June 20, 2010
June 20, 2010
June 23, 2010
15.183.1 - 15.183.20
Application of Excel in Psychrometric Analysis
In undergraduate courses in applied thermodynamics or heating, ventilation and air conditioning, mechanical engineering students are introduced to psychrometric principles. Thermal analysis of systems involving dry air and water vapor mixture requires a good understanding of psychrometric concepts and definitions of such parameters as humidity ratio, relative humidity, dew point temperature, and mixture enthalpy. Formulas defining the psychrometric parameters are usually employed in conjunction with property values from the steam tables and ideal gas tables (or equations) in design and analysis of air conditioning systems, cooling towers, and other processes involving the control of water vapor content in the air. Alternatively, psychrometric charts are employed to reduce the time and ease the effort necessary for such analysis. However, human error in reading values off the charts reduces the accuracy of the analysis. In addition, solving open-ended problems usually involves many steps which may require repeated use of psychrometric charts at each step, making the solution process tedious and time consuming.
We have found that Microsoft Excel is a useful tool for teaching students the fundamental psychrometric concepts and its application in solution of problems requiring repeated evaluation of psychrometric parameters or recurring use of psychrometric charts. To reinforce students’ understanding of the fundamental concepts we have designed a series of exercises requiring students to use simple equations available for ideal gases in Excel spreadsheets to evaluate such psychrometric parameters as relative humidity, humidity ratio, dew point temperature, and the enthalpy of air-water vapor mixtures. Goal Seek, or Solver functions of Excel are introduced to aid the solution process for problems requiring iterative processes. This paper provides several examples to demonstrate the effectiveness of Excel in teaching and learning the fundamentals of psychrometric principles and its application in solution of problems requiring the recurring evaluation of psychrometric parameters.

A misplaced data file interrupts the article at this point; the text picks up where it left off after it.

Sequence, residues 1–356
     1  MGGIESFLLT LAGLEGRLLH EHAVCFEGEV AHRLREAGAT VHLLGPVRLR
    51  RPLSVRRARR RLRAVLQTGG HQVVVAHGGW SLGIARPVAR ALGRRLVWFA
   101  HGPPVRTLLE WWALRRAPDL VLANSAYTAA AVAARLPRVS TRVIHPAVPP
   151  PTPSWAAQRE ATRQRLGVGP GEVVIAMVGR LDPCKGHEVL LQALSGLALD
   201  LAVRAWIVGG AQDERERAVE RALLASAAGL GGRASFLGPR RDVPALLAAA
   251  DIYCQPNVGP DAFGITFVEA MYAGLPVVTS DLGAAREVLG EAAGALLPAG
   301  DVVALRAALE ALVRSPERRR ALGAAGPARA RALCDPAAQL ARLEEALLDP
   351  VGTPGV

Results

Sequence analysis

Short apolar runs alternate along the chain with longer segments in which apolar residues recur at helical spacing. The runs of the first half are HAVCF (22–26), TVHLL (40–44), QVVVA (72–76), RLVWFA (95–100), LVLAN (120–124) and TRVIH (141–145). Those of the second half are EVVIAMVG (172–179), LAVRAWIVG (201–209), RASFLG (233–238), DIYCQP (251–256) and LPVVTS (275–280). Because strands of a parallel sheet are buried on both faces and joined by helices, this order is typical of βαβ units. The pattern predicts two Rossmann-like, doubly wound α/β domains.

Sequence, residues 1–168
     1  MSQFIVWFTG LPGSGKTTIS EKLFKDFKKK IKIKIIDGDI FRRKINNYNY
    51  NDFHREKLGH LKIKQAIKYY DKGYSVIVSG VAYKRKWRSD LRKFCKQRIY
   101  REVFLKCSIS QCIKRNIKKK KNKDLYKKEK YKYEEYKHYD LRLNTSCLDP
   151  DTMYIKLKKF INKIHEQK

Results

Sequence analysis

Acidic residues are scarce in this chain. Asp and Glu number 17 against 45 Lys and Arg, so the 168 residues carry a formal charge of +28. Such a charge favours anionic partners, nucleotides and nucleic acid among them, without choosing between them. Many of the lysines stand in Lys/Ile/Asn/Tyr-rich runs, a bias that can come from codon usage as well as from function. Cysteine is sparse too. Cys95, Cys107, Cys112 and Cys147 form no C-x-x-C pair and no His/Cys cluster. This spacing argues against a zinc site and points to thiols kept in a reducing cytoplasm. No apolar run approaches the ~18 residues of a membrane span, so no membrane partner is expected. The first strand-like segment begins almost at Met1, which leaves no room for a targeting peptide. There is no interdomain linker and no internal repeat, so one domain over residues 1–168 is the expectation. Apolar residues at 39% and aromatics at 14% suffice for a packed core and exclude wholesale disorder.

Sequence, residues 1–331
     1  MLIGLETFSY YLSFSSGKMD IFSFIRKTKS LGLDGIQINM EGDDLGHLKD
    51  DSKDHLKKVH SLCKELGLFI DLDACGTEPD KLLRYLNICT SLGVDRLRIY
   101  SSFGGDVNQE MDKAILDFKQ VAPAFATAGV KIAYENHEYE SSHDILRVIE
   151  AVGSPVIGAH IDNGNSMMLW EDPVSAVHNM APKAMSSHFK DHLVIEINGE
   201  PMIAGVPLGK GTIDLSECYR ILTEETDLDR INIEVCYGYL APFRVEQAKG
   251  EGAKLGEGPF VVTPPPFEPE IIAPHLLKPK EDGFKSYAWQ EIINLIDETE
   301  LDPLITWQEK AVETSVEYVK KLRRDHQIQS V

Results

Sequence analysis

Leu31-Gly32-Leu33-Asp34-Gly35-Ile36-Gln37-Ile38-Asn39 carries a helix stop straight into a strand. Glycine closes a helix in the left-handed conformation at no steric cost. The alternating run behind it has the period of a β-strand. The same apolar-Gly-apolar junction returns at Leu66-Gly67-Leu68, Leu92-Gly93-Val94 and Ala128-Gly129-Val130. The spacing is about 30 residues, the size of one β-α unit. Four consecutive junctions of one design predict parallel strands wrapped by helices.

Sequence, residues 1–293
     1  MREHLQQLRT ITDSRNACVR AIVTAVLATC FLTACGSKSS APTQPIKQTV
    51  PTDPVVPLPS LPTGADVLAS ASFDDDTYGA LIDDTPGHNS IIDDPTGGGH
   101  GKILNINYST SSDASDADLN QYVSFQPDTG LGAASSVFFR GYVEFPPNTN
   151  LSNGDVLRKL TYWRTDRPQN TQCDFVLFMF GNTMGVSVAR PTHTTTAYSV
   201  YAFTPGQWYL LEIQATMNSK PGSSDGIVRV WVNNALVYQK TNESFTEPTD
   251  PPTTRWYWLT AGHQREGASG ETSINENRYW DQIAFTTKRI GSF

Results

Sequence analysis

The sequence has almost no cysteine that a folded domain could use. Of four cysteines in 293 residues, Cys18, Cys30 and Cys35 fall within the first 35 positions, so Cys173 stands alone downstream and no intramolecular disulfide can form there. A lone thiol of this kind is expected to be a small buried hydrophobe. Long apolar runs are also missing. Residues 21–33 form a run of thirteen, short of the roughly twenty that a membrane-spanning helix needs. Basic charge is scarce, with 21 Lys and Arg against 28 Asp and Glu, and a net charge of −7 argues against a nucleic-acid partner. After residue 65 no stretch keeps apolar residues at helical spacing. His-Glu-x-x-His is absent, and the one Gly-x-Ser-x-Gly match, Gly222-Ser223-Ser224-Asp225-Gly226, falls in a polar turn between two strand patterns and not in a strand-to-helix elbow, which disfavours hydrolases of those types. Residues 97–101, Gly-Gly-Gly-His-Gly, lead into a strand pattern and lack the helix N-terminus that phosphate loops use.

All mechanical engineering degree programs require either a single course consisting of 3-4 semester credit hours (SCH) or a two-course sequence in thermodynamics, each consisting of 3 SCH. The fundamental concepts, including the evaluation of properties using tables or formulas are covered in the early stages of a single required course or in the first course for those programs requiring a two-semester course sequence. At the latter stages of the course coverage, students are introduced to thermodynamics cycles, including the air-standard power and refrigeration cycles. The coverage also includes an introduction to chemical reactions, mixtures of ideal gases, including psychrometric analysis of moist air. The moist air properties are usually obtained from using steam tables in combination with the properties of air.
Many modern thermodynamic textbooks provide a software packages to aid students with property evaluation1-3. Some of these software packages such as Interactive Thermodynamics (IT) or Engineering Equation Solver (EES) have programming capabilities4, 5. These programs are general purpose, non-linear equation solvers with built-in property functions. They are
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